9. Boston Red Sox
10. Atlanta Braves
11. Toronto Blue Jays
12. Seattle Mariners
13. Oakland Athletics
14. Cincinnati Reds
15. Philadelphia Phillies
17. San Diego Padres
18. Detroit Tigers
19. New York Mets
20. Los Angeles Angels
21. Colorado Rockies
22. Kansas City Royals
23. Minnesota Twins
24. Chicago Cubs
25. Miami Marlins
26. Washington Nationals
27. Pittsburgh Pirates
28. Texas Rangers
29. Baltimore Orioles
30. Arizona Diamondbacks
2021 All-MLB Team
C Salvador Perez, KC
.273/.316/.544, 72 XBH (48 HR), 121 RBI, 88 R, 1 SB, 5.3 WAR
1B Vladimir Guerrero Jr., TOR
.311/.401/.601, 78 XBH (48 HR), 111 RBI, 123 R, 4 SB, 6.8 WAR
2B Marcus Semien, TOR
.265/.334/.538, 86 XBH (45 HR), 102 RBI, 115 R, 15 SB, 7.1 WAR
3B Jose Ramirez, CLE
.266/.355/.538, 73 XBH (36 HR), 103 RBI, 111 R, 27 SB, 6.7 WAR
SS Fernando Tatis Jr., SD
.282/.364/.611, 73 XBH (42 HR), 97 RBI, 99 R, 25 SB, 6.6 WAR
OF Juan Soto, WAS
.313/.465/.534, 51 XBH (29 HR), 95 RBI, 111 R, 9 SB, 7.0 WAR
OF Bryce Harper, PHI
.309/.429/.615, 78 XBH (35 HR), 84 RBI, 101 R, 13 SB, 5.9 WAR
OF Cedric Mullins, BAL
.291/.360/.518, 72 XBH (30 HR), 59 RBI, 91 R, 30 SB, 5.7 WAR
DH Shohei Ohtani, LAA
.257/.372/.592, 80 XBH (46 HR), 100 RBI, 103 R, 26 SB, 4.9 WAR
SP Max Scherzer, WAS/LAD
15-4, 2.46 ERA, 0.86 WHIP, 236 K, 179.1 IP, .185 BAA, 5.3 WAR
SP Corbin Burnes, MIL
11-5, 2.43 ERA, 0.94 WHIP, 234 K, 167.0 IP, .201 BAA, 5.7 WAR
SP Walker Buehler, LAD
16-4, 2.47 ERA, 0.97 WHIP, 212 K, 207.2 IP, .199 BAA, 6.7 WAR
SP Robbie Ray, TOR
13-7, 2.84 ERA, 1.04 WHIP, 248 K, 193.1 IP, .210 BAA, 6.7 WAR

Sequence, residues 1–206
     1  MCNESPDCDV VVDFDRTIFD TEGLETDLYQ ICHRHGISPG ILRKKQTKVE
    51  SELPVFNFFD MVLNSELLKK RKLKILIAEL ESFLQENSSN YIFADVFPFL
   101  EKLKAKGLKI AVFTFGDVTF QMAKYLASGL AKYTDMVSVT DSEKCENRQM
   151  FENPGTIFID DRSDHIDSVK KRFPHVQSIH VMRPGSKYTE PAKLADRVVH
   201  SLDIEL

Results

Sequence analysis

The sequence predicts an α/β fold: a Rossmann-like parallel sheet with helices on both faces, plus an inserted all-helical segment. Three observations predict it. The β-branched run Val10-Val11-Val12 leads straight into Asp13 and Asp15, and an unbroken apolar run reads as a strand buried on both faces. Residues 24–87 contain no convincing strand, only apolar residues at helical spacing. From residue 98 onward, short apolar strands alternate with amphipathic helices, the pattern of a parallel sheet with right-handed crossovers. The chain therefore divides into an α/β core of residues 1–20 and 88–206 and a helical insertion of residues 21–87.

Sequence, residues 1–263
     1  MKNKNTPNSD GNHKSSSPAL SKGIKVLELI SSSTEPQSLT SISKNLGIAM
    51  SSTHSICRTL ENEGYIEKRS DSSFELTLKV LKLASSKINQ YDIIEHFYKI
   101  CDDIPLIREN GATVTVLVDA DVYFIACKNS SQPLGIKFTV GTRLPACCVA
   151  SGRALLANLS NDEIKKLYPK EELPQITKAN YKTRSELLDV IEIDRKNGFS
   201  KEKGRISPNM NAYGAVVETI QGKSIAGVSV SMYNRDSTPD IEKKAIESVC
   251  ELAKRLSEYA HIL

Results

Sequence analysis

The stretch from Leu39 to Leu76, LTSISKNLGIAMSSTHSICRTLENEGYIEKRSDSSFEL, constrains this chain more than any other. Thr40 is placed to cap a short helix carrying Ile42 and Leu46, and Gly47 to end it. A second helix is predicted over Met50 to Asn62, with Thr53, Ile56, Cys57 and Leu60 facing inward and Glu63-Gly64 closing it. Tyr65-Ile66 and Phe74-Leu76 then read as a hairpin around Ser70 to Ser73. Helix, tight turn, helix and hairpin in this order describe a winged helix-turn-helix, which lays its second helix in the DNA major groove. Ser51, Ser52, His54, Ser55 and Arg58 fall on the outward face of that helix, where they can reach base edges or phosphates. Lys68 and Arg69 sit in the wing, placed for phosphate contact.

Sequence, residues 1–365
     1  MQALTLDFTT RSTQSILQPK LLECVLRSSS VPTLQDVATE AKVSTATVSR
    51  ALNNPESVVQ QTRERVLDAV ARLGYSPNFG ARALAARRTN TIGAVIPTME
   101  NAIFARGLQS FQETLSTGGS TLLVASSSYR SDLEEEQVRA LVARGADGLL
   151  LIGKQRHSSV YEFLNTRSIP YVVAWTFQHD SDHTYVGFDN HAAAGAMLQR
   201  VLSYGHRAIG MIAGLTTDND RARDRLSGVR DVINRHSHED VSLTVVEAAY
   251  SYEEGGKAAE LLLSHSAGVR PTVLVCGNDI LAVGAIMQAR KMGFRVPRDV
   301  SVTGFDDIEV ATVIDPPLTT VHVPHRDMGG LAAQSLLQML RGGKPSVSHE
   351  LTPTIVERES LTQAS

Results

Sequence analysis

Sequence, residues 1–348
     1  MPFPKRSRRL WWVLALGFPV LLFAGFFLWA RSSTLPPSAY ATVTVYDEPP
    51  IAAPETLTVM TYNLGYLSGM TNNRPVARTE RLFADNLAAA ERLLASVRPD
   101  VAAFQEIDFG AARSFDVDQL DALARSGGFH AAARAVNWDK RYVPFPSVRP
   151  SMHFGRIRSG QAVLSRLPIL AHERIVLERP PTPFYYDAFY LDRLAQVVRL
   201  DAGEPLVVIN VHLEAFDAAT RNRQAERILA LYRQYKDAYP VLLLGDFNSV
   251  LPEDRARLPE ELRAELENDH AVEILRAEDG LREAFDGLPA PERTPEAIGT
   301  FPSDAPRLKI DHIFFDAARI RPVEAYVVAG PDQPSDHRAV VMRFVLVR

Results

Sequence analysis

SP Brandon Woodruff, MIL
9-10, 2.56 ERA, 0.96 WHIP, 211 K, 179.1 IP, .200 BAA, 5.7 WAR
RP Josh Hader, MIL
34/35 SV, 1.23 ERA, 0.84 WHIP, 102 K, 58.2 IP, .127 BAA, 3.3 WAR
Final 2021 Award Rankings
This is what my hypothetical MVP, Cy Young and Rookie of the Year ballots would look like:
1. Shohei Ohtani, LAA
2. Vladimir Guerrero Jr., TOR
3. Salvador Perez, KC
4. Aaron Judge, NYY
5. Matt Olson, OAK
6. Marcus Semien, TOR
7. Carlos Correa, HOU
8. Cedric Mullins, BAL
9. Jose Ramirez, CLE
10. Rafael Devers, BOS
1. Juan Soto, WAS
2. Bryce Harper, PHI
3. Fernando Tatis Jr., SD
4. Trea Turner, LAD
5. Austin Riley, ATL
6. Brandon Crawford, SF
7. Joey Votto, CIN
8. Freddie Freeman, ATL
9. Paul Goldschmidt, STL
10. Nick Castellanos, CIN
AL Cy Young
1. Robbie Ray, TOR
2. Gerrit Cole, NYY
3. Carlos Rodon, CWS
4. Lance Lynn, CWS
5. Frankie Montas, OAK
NL Cy Young
1. Max Scherzer, LAD
2. Corbin Burnes, MIL
3. Walker Buehler, LAD
4. Brandon Woodruff, MIL
5. Zack Wheeler, PHI
AL Rookie of the Year
1. Randy Arozarena, TB
2. Luis Garcia, HOU
3. Casey Mize, DET
NL Rookie of the Year
1. Jonathan India, CIN
2. Trevor Rogers, MIA
3. Dylan Carlson, STL